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Posts Tagged ‘post office’

Originally published in the Pacific Coast Bulletin, October 24, 1924

Situated one block east of the main highway which runs through Burnett is the cozy little home of Mr. and Mrs. A.J. Hultquist. The front yard of their place, surrounded by a neat picket fence, is one of the show spots of the camp. Its mass of flowering plants and shrubs, with climbing vines and grassy lawn forming a verdant background, presents a pleasing scene indeed. In the picture, which cannot possibly do justice to the beauty of the scene, there is shown the word “Burnett” formed from growing shrubs, behind which is a luxuriant growth of bright blossoms.

Hultquist is an American citizen and a timberman in Burnett Mine. He came to the camp on January 10, 1922, formerly having worked in Tacoma, and in the mines of Cripple Creek, Leadville, and Aspen, Colorado. (more…)

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Originally published in The Seattle Times, June 29, 1969

Before the Pacific States Lumber Co. closed its mill in 1939, Selleck was a neat little town with a school, meeting hall, water system, and post office.

The mill superintendent lived in house number 1, the company doctor and supervisors lived in the 300 row, and mill hands lived in the 200 and 500 rows. (more…)

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Originally published in The Seattle Daily Times, June 6, 1913

Ten thousand dollars’ worth of damage resulted from fire in mining town

These buildings were located where the Green River Eagles #1490 is today.

BLACK DIAMOND, Wash., Saturday, June 6—Fire early this morning completely destroyed the Black Diamond Hotel and annex and the Gibbon Hotel, all owned by Frank W. Bishop, the Black Diamond meat market owned by Pete Fredericksen, and the Bowen residence owned by J.H. Bowen. Damage resulted to the post office building owned by Charles McKinnon and the ice cream parlor owned by John E. Davies. The loss is approximately $10,000.

The fire started about 1 o’clock and in less than ten minutes after the fire whistle commenced to blow every man and woman in the little village turned out to fight the flames. After three hours of fierce fighting all danger was past.

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Originally published in the Voice of the Valley, March 7, 1979

(This is the second in a series of feature articles written by students in Tahoma’s Beginning Journalism class. Steve Eichelberger, a senior, lives in Hobart where he became acquainted with Dorothy Iverson. She remembers when her small community housed the largest lumber mill in the Northwest.)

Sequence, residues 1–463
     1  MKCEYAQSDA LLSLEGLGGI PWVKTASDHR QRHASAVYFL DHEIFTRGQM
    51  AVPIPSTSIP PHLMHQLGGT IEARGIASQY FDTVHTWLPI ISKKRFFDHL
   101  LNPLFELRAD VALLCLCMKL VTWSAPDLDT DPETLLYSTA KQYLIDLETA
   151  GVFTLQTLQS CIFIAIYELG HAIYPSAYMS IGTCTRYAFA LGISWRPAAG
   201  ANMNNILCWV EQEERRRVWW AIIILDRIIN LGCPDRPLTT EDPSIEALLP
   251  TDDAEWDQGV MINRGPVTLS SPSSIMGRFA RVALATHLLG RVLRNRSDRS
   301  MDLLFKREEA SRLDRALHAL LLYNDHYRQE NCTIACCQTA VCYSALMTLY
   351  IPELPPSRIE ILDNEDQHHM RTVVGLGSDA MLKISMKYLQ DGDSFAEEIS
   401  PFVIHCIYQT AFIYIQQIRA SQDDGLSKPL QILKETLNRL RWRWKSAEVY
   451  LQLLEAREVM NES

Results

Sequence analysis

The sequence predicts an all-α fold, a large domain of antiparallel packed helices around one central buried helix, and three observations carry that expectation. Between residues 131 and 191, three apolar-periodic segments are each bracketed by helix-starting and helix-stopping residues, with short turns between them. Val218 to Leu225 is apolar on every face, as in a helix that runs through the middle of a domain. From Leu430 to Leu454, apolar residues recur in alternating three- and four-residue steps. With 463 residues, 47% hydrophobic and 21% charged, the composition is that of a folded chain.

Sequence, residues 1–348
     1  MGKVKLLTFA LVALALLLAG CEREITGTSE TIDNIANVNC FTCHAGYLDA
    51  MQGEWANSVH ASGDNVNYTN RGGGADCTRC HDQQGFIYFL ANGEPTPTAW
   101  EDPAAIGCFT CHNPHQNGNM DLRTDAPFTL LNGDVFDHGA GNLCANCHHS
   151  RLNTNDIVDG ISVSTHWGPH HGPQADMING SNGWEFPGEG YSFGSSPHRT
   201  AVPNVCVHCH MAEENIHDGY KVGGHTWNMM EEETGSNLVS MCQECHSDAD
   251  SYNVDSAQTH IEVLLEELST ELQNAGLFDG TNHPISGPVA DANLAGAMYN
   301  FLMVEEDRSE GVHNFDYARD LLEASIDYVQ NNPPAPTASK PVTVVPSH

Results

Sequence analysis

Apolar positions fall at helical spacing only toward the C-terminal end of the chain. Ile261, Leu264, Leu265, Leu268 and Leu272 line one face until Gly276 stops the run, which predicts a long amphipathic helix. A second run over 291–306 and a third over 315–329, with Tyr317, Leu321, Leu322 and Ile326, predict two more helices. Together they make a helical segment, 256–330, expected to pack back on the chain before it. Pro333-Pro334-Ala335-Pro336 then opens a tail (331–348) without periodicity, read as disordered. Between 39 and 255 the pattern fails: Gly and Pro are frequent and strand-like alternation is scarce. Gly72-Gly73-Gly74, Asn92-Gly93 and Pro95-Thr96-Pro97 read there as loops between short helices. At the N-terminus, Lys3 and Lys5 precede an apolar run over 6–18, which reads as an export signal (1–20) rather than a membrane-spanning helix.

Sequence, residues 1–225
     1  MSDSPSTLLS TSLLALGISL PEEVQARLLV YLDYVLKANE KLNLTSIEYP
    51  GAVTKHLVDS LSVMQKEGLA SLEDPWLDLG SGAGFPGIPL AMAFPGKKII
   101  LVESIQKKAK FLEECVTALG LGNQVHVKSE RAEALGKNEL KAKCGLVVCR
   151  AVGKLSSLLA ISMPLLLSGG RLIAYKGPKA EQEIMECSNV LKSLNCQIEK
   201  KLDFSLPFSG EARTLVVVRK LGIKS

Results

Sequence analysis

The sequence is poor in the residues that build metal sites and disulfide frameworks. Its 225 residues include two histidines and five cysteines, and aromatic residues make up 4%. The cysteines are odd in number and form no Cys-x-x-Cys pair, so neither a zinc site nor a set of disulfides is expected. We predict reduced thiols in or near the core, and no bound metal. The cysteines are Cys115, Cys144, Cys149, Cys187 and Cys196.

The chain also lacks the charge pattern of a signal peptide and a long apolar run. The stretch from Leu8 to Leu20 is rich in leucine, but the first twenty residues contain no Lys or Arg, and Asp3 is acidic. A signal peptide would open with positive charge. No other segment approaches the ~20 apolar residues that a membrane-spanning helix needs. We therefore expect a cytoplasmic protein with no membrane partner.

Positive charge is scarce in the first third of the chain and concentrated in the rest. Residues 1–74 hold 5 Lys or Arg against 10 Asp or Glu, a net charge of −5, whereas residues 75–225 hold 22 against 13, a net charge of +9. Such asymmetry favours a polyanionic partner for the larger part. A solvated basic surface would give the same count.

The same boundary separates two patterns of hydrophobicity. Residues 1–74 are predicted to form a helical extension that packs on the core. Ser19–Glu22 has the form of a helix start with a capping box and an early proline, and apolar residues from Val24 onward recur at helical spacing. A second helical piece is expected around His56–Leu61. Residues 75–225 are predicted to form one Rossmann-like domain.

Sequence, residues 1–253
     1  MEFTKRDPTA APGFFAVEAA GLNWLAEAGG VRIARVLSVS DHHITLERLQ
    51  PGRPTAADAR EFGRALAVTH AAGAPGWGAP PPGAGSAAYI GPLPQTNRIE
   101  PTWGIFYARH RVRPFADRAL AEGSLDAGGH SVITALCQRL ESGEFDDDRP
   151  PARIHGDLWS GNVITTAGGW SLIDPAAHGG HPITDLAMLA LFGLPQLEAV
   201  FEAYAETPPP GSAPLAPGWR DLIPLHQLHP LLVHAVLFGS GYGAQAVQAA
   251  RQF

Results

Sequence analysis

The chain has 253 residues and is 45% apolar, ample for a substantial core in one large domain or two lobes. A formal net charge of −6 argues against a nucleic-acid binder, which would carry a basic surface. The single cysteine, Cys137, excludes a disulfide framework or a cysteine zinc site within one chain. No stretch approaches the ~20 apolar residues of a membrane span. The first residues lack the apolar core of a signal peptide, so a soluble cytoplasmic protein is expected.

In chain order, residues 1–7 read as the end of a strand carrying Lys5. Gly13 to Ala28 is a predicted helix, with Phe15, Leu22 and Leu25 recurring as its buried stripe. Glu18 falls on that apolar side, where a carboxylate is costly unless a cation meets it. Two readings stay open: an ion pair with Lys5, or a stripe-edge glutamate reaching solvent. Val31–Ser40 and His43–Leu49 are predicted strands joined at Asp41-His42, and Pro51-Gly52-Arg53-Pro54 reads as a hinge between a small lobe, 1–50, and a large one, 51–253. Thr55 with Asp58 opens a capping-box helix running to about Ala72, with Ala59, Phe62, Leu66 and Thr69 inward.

By Steve Eichelberger

Dorothy Iverson and her son, Warren, at their Hobart store. Dorothy remembers Hobart in the days of its lumber mill and the Hobart Bunk-Hotel.

Dorothy Iverson and her son, Warren, at their Hobart store. Dorothy remembers Hobart in the days of its lumber mill and the Hobart Bunk-Hotel.

For many years, Dorothy Iverson was a homemaker.

“Women didn’t work in those days,” she said about her early life in Hobart. Mrs. Iverson was born in Seattle where she lived with her three older brothers and three younger sisters before moving to Hobart while in the seventh grade.

She remains there today where she still helps operate the Hobart store.

Mrs. Iverson attended school in what is now the Hobart Grange and graduated from Tahoma, where she had been editor of the high school newspaper and class valedictorian.

She attended Wilson Business College in Seattle and after graduation was a secretary in Seattle for four years.

She married the late Iver Iverson in 1933 and they set up housekeeping in Hobart. Iver was employed at his father’s grocery store, the “Wood and Iverson Grocery Store,” where he continued to work until it burned in 1939. (more…)

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Originally published in the Voice of the Valley, February 15, 1978

Hellos and goodbyes were expressed last week at the Black Diamond Post Office; goodbyes to Betty Godfrey and hellos to our new postmaster, Gerald Mongrain.

Betty has served since last August in the interim position of Officer-in-Charge for the Postal Service. She has been on loan from Issaquah where she served as head window clerk and where she will now return. (more…)

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Originally published in the Voice of the Valley, January 3, 1979

By George and Dianne Wilson

The year 1978 saw the City of Black Diamond with a new mayor, a new librarian and assistant, and the establishment of an independent Community Services Center with a new coordinator.

The city, facing severe financial problems, raised levy rates on the telephone and power companies as well as assessing a B and O tax on all firms doing business here.

February brought a new postmaster, and A.R. Botts celebrated his 90th birthday in March. (more…)

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Originally published in The Seattle Times, December 17, 1986

By Jim Simon

You load sixteen tons and what do you get,
Another day older and deeper in debt,
Saint Peter don’t you call me ’cause I can’’t go,
I owe my soul to the company store.

“Sixteen Tons,” by Merle Travis

It has become part of our folklore: the brutal, indentured existence of miners and millworkers eking out a living in sooty company towns. We all know it was a life of oppression.

But don’t tell that to Edna Crews. (more…)

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